Moving on, this is the list of what I did in Photoshop to create the above 'After' version from this 'Before' version:

  1. using Levels, I moved the left side arrow and slid it slightly to the right
  2. using Curves, I chose to click the Auto button
  3. using Brightness/Contrast, I also chose to click the Auto button

And that was it, easy-peasy.

 
 

Note: The photograph was taken on 5/7/14.

Airplane 2

My second shot of an airplane was a last second grab. I was actually shooting windmills, which actually look a lot like airplanes (see Power Up), when I suddenly heard an aircraft engine. It was a way's off but I turned and realized this was as close as I would get. I rotated the lens to the max (105mm), composed it and clicked all in one move, before it got to far away. I had know idea I managed to get a clear and detailed photograph. I really love this shiny metal bird frozen in the vast deep blue sky.

 
 

Lens Test

Slow Saturday traffic so I'm going to bore you with the lens test I did today with my Nikon ED 80-200mm 2.8. It was made before the digital invasion so on my D800 it mimics around a 120-300mm. And it weighs a ton. I haven't used it in a while and wasn't sure if the focus was aligned properly.

It was still light out but nearing the end of the day so I was using a pretty high ISO in order to keep the shutter speed fast enough. I didn't want any shake from the weight which is around 3lbs on top of the 2lb camera.

Next, I needed a model. I didn't want to shoot the bushes so I enlisted Pumpkin. She was hardly happy about it but finally acquiesced. Here are four shots with the data. 

All the photographs were a focal length of 80mm. There seems to be more depth of field in the last two shots with an f5 and f7.1 than there was in the second photo that was f10. Maybe it's because I was closer to Pumpkin. Anyway, I think the focus is working okay. Oh, and in the last shot she was asking for a raise. 

 
   
  
 
  
    
  
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   ISO 2000, 1/100sec, f/6.3

ISO 2000, 1/100sec, f/6.3

 
 
   
  
 
  
    
  
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   ISO 5000, 1/160sec, f/10

ISO 5000, 1/160sec, f/10

 
 
   
  
 
  
    
  
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   ISO 2500, 1/160sec, f/5

ISO 2500, 1/160sec, f/5

 
 
   
  
 
  
    
  
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   ISO 2500, 1/200sec, f/7.1

ISO 2500, 1/200sec, f/7.1

 

This is a photo of the lens (pulled off Google images).

 
 

Crossroads - Photography Tip #11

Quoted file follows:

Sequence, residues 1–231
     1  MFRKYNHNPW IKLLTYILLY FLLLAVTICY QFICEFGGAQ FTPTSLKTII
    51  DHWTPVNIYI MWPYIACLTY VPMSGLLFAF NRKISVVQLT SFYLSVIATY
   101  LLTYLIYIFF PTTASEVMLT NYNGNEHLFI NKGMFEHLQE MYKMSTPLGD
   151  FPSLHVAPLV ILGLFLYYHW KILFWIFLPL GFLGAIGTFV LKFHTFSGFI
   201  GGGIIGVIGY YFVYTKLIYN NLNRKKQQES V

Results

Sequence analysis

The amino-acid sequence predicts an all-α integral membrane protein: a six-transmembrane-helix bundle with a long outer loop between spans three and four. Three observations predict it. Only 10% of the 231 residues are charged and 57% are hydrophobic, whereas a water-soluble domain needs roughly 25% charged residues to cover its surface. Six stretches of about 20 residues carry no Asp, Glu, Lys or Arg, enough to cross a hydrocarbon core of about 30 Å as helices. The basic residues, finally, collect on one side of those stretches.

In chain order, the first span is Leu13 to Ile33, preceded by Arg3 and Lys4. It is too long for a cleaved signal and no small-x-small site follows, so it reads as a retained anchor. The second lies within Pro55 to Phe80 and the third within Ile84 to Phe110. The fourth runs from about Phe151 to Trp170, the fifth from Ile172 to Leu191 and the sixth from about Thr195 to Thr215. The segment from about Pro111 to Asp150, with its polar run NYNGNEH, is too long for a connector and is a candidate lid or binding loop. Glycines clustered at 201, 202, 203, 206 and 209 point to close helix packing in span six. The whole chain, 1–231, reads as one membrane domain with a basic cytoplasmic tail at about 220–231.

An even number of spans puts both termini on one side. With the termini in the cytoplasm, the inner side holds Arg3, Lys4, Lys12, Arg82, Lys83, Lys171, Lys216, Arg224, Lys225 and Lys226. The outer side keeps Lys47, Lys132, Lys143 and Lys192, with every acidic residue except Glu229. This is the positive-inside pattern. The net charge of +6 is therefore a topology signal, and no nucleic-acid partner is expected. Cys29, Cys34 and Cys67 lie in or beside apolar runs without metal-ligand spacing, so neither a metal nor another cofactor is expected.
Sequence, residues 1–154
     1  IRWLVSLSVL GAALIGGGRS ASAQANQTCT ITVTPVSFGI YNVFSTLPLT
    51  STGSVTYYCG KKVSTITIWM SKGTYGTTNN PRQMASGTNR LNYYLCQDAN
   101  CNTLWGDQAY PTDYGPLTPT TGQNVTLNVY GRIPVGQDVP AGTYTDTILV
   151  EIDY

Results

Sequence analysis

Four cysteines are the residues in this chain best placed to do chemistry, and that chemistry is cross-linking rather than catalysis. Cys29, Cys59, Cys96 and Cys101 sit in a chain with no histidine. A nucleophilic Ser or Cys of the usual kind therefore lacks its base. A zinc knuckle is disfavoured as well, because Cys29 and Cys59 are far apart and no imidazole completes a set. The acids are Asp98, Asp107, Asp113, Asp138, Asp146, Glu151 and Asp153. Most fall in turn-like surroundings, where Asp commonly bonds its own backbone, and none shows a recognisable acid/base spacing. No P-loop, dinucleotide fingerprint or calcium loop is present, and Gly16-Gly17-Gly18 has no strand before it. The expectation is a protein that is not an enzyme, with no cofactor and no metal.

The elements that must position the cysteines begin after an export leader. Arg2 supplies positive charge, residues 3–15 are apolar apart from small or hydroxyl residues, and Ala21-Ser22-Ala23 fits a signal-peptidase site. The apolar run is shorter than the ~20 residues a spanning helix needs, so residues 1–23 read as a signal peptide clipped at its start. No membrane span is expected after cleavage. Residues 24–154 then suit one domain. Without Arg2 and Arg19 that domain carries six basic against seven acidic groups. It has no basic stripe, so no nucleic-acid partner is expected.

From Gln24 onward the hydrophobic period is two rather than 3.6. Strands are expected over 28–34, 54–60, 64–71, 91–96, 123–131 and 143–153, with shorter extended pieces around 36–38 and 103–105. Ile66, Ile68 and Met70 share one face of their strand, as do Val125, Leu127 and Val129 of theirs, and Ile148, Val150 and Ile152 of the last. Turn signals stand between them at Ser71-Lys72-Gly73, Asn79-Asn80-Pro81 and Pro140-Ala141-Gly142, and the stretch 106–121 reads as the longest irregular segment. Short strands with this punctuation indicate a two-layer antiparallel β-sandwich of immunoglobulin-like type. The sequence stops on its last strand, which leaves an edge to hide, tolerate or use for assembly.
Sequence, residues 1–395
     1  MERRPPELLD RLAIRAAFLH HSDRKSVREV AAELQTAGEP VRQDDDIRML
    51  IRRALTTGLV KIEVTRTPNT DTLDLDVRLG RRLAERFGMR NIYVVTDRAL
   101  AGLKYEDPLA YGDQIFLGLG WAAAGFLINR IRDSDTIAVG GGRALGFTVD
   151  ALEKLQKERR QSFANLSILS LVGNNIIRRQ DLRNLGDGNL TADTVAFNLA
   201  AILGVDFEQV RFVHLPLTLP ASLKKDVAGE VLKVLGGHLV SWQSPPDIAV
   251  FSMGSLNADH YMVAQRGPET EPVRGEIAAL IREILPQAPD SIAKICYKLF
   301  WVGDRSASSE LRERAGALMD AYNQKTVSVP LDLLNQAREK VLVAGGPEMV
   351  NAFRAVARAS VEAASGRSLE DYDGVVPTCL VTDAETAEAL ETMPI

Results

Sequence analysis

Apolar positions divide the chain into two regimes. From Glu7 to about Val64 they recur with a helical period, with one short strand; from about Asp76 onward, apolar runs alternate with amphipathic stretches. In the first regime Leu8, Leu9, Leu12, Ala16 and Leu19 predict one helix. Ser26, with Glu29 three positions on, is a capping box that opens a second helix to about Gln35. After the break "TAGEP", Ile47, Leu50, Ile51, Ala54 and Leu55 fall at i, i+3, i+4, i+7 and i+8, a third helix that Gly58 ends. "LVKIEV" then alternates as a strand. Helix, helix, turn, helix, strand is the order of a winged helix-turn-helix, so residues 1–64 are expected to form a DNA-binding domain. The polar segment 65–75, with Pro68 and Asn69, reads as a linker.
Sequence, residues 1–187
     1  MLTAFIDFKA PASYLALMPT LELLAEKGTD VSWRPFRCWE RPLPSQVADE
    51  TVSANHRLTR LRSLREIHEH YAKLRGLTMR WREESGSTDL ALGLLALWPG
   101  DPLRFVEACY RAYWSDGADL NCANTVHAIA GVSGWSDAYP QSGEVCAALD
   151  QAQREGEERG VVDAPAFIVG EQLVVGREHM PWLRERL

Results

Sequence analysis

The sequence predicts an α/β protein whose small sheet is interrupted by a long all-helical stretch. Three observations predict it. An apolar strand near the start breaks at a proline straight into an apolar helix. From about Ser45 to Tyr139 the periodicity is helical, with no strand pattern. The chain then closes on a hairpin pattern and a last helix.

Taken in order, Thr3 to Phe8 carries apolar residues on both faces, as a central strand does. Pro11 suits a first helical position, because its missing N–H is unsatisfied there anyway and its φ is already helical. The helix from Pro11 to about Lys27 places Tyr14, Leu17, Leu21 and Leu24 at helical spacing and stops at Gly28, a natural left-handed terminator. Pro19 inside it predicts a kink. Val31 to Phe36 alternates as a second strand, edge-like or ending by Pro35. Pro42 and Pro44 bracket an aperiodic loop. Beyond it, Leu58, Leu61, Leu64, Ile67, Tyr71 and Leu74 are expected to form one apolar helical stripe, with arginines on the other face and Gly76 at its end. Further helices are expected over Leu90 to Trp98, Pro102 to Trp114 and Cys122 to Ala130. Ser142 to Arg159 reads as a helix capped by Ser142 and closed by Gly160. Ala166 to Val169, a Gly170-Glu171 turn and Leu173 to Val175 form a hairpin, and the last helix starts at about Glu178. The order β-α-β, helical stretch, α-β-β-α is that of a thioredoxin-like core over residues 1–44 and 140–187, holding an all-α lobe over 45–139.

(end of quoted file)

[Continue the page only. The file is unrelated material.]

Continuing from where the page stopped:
Hope you are surviving your Thanksgiving food coma. Since it is Thanksgiving I thought it would be a good time to give you a photography tip.

This tip is about looking for light and shadow. Photography is all about light, as is painting, film, theater and concerts. It also happens to be how I see the world every single day. I have a photograph I took that is literally light and shadow. It's called Crossroads, shot on film, an actually won best abstract photo in a contest (I think it's the only contest I've ever entered - I'm not a fan of them).

 
 

I was walking by that same location a week ago and, based on the light that day, I took another photo with the idea of doing this post.

This is what the shot looks like without the light...

 
 

...boring.

Then when I was out shooting last Sunday, I took one more shot of the same subject. It is similar to the first shot, but also very different.

 
CrossroadsRevisited_2956.jpg
 

I love sharing my passion for photography and passing on the knowledge I've learned. If you're interested in taking your photography to a new level I have a great group workshop and also private sessions, both available in New York and Los Angeles. Gather some friends or come alone and take you photography to a whole new level.

Wedding Photographer

OK...I am definitely not a wedding photographer. But if I was, I certainly wouldn't pose the happy couples behind bars for their memory of a lifetime. I hope it isn't an omen against their future bliss.

I did take this picture. From the side. Their photographer was on the other side of the fence...

 
 

...and the couple caught me in the act of grabbing this shot. I'm glad they busted me. It's a much better picture with them looking into my lens instead of the photographer on the other side of the bars.